US general says letter suggesting troop withdrawal from Iraq 'was a mistake'

Thousands of additional US troops have been dispatched to the Middle East after the killing of Qasem Soleimani: Getty
Thousands of additional US troops have been dispatched to the Middle East after the killing of Qasem Soleimani: Getty

The US has been forced to deny it is planning to pull its military out of Iraq after a “poorly-worded draft” letter leaked online.

The letter, which was not signed but was printed on the letterhead of Brig Gen William Seely, alerted Iraqi military colleagues of “repositioning over the course of the coming days and weeks to prepare for onward movement”.

It said there would be an increase in helicopter travel around the Green Zone and added, in reference to the Iraqi parliament’s vote to demand that US forces leave the country following Washington’s killing of Iranian general Qassem Soleimani: “We respect your sovereign decision to order our departure.”

Coalition forces would take steps “to ensure that the movement out of Iraq is conducted in a safe and efficient manner”, the memo continued.

Amid confusion that reverberated around the world, US defence secretary Mark Esper told reporters at the Pentagon he knew nothing about the letter. “There’s been no decision whatsoever to leave Iraq,” he said. He also told reporters the US remained committed to the fight against Isis, in Iraq and elsewhere.

Minutes after that hastily-arranged briefing Gen Mark Milley, the chairman of the joint chiefs of staff, returned to tell reporters: ”Here’s the bottom line, this was a mistake. Nobody’s leaving.” He called the missive “poorly worded” and said it wrongly implied a wider withdrawal.

Brig Gen Seely’s intent had been to advise his Iraqi colleagues of increased movement of US troops around Iraq, Gen Milley said.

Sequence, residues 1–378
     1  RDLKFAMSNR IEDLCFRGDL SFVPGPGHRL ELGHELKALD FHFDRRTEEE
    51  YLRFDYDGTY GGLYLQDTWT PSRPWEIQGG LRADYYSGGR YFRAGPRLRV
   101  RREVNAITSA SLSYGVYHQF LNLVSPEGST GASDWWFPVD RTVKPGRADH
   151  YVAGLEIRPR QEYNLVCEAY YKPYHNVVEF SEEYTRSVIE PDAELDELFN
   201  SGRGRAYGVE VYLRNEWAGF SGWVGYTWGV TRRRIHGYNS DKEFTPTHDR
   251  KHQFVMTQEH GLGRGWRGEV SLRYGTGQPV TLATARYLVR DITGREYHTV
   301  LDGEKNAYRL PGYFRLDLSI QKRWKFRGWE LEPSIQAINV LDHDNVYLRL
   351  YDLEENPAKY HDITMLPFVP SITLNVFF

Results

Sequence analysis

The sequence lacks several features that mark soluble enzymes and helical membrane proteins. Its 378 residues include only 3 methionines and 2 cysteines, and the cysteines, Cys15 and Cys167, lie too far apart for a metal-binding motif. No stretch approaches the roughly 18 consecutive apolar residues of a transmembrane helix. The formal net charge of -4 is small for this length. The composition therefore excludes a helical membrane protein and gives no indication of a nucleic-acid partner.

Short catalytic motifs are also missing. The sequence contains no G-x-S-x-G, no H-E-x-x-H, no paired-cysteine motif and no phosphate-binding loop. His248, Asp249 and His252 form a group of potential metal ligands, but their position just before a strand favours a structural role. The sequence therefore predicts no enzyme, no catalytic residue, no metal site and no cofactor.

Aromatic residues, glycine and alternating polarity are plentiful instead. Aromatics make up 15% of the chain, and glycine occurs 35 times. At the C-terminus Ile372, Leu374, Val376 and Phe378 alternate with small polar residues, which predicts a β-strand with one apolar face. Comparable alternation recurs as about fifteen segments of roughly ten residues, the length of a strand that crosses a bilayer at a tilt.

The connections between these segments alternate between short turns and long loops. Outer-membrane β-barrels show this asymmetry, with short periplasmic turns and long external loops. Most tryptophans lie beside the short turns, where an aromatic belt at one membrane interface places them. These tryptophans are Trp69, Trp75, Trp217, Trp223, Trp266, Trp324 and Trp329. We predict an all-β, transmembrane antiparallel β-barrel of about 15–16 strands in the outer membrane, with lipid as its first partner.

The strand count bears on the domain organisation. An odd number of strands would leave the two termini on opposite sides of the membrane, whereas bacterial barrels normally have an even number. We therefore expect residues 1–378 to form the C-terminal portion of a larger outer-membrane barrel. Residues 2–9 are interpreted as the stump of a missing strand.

When reporters first began asking press office staff about the letter’s authenticity, it became apparent the president’s own employees were once again caught unawares about what appeared to be a major development in the events following Donald Trump’s decision to order the targeted killing of Soleimani.

White House spokespersons were unable to immediately confirm the document’s provenance, but sources close to the administration suggested it had been leaked prematurely.

The confusion appeared to underscore the fact that the president’s order had caught many in the administration by surprise, and were scrambling to handle the fall out and repercussions.

Over the weekend, the Iraqi parliament voted for the removal of US forces from the country, something Mr Trump responded to by threatening massive sanctions on Baghdad.

Meanwhile, Iran said it was no longer observing any of the undertaking it made in regards to limiting uranium enrichment as part of the 2015 nuclear deal, that Mr Trump pulled the US out of last year and reimposed sanctions.

Alyssa Farah, a Pentagon spokesperson, later tweeted: “There has been no change in US policy with regard to our force presence in Iraq. We continue to consult with the Iraqi government regarding the defeat-Isis mission and efforts to support the Iraqi Security Forces.”

In his briefing, Mr Esper also suggested to reporters the US would never target any of Iran’s cultural sites in any possible strikes, something that Mr Trump had raised over the weekend.

“We will follow the laws of armed conflict,” he said.

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